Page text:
Food is a central part of all Day of the Dead celebrations and while you can pretty much eat any time, the official moment it’s enjoyed is during Dinner of the Souls, otherwise known in Mayan as “Hanal Pixan.” The belief is that after the dearly departed have made their long trip from the after-life, they will be weary and in need of sustenance. During a Dinner of the Souls, traditional foods are enjoyed and are also placed at the altars, known a “ofrendas.” But let’s start with the dinner.
What We Did
Even if you don’t go to Mexico, you can easily create your own Dinner of the Souls celebration. We integrated a few of the traditional elements required. While each family probably has their own customs to honor their loved one who have passed, we set up the basics so you could have a blueprint, a jumping off point.
Flowers (marigolds). Also known as “flower of the dead,” marigolds are used in Dinner of the Souls because of their vibrant color and scent. They also represent the fragility of life. You can even make a path from with the flower petals from the grave to your home to help loved ones find their way. Aztecs used this flower for medicinal purposes and they thought if you eat them it could cure hiccups or heal those struck by lightening. Other flowers placed at the altar are black roses.
Candles. These light the way for the dead upon their return and can be used both in a Dinner of the Souls and all over an ofrenda, the altar.
Papel picada. These decorations are brightly colored tissue paper with delicate cut-outs. We hung them up along with the lights in our atrium, where we had our Dinner of the Souls/Day of the Dead celebration. If you want to find the traditional colors, you can: purple (for pain), white (for hope) and pink (for celebration).
Sugar skulls. These represent the departed soul. A typical Mexican altar has three sugar skulls on the second level and one large skull on the third level along with some Pan de Muerto. These date back to the sugar art tradition brought to Mexico by 17th-century Italian missionaries. For the most part, they are not edible.
Sweets and Treats. Since Mexico has a history of being abundant in sugar production, it makes sense that sugar, whether you can eat it or not, would play a role in Dinner of the Souls. There are lots of candies to be left for the spirits, especially the children aka “angelitos” who are believed to arrive from October 31-November. 1. Here are some of the top things to dig into: mazapan (like a Reese’s cup without the coating), Cacahuates Japones (Japanese peanuts), Pulparindo (tamarind fruit), Vero Mango (hard mango candy), Carlos V Chocolate Bar and more. We found these adorable cookies at our local bakery.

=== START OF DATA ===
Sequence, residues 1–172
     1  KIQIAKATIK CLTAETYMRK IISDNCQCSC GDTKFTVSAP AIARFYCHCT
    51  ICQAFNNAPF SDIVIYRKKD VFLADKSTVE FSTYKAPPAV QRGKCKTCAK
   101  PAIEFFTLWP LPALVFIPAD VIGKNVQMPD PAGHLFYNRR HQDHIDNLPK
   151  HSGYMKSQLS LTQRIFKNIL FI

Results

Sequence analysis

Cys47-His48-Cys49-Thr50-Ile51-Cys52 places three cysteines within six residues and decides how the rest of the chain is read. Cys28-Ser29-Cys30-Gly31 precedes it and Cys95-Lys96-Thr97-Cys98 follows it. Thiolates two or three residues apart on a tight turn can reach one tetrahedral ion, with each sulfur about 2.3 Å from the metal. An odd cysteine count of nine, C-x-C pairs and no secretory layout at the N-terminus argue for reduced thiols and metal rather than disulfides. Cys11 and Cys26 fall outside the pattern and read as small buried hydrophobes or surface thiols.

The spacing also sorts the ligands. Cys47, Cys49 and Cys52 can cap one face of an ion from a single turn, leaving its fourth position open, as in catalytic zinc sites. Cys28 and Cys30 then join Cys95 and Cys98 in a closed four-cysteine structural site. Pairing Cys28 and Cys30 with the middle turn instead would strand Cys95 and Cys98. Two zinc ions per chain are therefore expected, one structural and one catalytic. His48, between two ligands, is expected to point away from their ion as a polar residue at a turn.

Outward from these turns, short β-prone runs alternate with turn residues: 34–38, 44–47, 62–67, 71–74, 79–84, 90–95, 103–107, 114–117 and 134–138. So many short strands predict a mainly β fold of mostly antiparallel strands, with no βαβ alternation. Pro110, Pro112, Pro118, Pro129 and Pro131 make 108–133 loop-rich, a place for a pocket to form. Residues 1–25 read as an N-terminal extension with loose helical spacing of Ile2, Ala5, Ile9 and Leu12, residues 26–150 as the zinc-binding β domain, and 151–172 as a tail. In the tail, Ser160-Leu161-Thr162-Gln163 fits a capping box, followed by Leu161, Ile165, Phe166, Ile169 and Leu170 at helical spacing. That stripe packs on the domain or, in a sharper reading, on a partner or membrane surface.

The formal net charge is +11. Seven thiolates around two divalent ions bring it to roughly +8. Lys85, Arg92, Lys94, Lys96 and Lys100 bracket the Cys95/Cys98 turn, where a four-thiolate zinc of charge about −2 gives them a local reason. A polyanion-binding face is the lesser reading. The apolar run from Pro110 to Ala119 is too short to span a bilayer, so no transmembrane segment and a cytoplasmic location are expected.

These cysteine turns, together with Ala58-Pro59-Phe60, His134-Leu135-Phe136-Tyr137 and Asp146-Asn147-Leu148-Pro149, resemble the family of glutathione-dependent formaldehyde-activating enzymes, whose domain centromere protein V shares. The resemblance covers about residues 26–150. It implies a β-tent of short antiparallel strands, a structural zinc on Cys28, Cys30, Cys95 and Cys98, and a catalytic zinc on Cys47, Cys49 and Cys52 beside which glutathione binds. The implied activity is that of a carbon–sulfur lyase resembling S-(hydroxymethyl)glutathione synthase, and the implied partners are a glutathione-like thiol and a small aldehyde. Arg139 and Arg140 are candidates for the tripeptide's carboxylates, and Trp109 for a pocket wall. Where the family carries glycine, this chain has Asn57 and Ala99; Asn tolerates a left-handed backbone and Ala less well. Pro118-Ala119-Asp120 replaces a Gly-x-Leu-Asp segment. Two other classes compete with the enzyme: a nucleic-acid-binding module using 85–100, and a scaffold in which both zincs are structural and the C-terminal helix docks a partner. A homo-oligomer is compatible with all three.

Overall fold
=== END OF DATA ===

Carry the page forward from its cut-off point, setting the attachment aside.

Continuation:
Empty Place Settings. At a Dinner of the Souls, it’s also customary to include a place setting for every person who you wish to honor – you can even make their favorite dish.
If You Want to go All Out
When it comes to preparing traditional menu items, here are some you can cook up: Pan de Muerto, a traditional sweet bread that are usually shaped like people. Chicken Pozole, an ancient dish that hails from Pre-Columbian days that is made of hominy and pork or chicken. Tacos de Carnitas (Pork) – This dish originated in the state of Michoacan and is served throughout central Mexico. It utilizes either pork shoulder or pork butt. And Calabaza en Tacha, candied pumpkin. But the most important dish of all for this holiday is mucbipollo. The name is a mash-up of a Mayan and Spanish word. In Mayan, “muc” means “buried” and “bi” means “baked,” and “pollo” is the Spanish word for “chicken.” This savory dish is kind of like a tamale but it’s much bigger. It’s made with corn dough and chicken and is wrapped in banana leaves. It’s usually cooked in an underground pit called a “pib,” but these days people take their mucbipollo to a bakery and they do it for you.
The Altar aka Ofrenda
There are many things you’ll need to create an ofrenda, but truthfully, it’s up to you about what you do and don’t include. However, here are a few of the things that can be included:
Other food. Fruit, Peanuts, Turkey mole, Black mole sauce, Stacks of tortillas, Tamales, candy
Drinks. Soda, water, Pulque (sweet fermented beverage from the agave), Mezcal (or any kind of tequila), Atole/cafe de olla atole (pronounced ah-toe-lay), which is a drink made with masa, finely ground corn flour. When chocolate is added, it becomes champurrado (cham-poor-ah-doe).
Trinkets. Toys (for the children, “angelitos”) like sugar coffins (you pull a string and a smiling “calavera”, a skeleton pops out; Long legged sheep and deer, also made of sugar; Comadre sugar figurines, which a mini women all decked out in necklaces, feathers, netted hats, fans and hand bags.
Copal incense (tree resin). Many believe that the smoke of Copal can both draw the spirits home and also, ward off evil and cleanse the area around the altar. The distinct scent is said to delight the spirits by reminding them of their short time on earth.
Soap and water. This is for the spirits to clean themselves after their journey.
Other Things You Can Do to Honor the Dead
Write Calaveras Literarias or “literary skulls.” Also known as “panteones,” these are short poems written in the form of epitaphs. Usually they are four-line stanzas, in which the second line rhymes with the last line, or they can be five-line stanzas and the third line rhymes with the last line. But they are usually humorous and poke fun at the deceased person.
Set Out Pillows and Blankets. Traditionally, people set up these little comfy areas, one for each person whose passed, so that they can rest after their journey.
Play Music. Turn up the mariachi or play your loved one’s favorite song.
Have a Party at the Grave. Yep, the belief is that the departed loved ones would be insulted if the living were all sad and crying. So bring along the drinks, the food. Play cards and listen to music.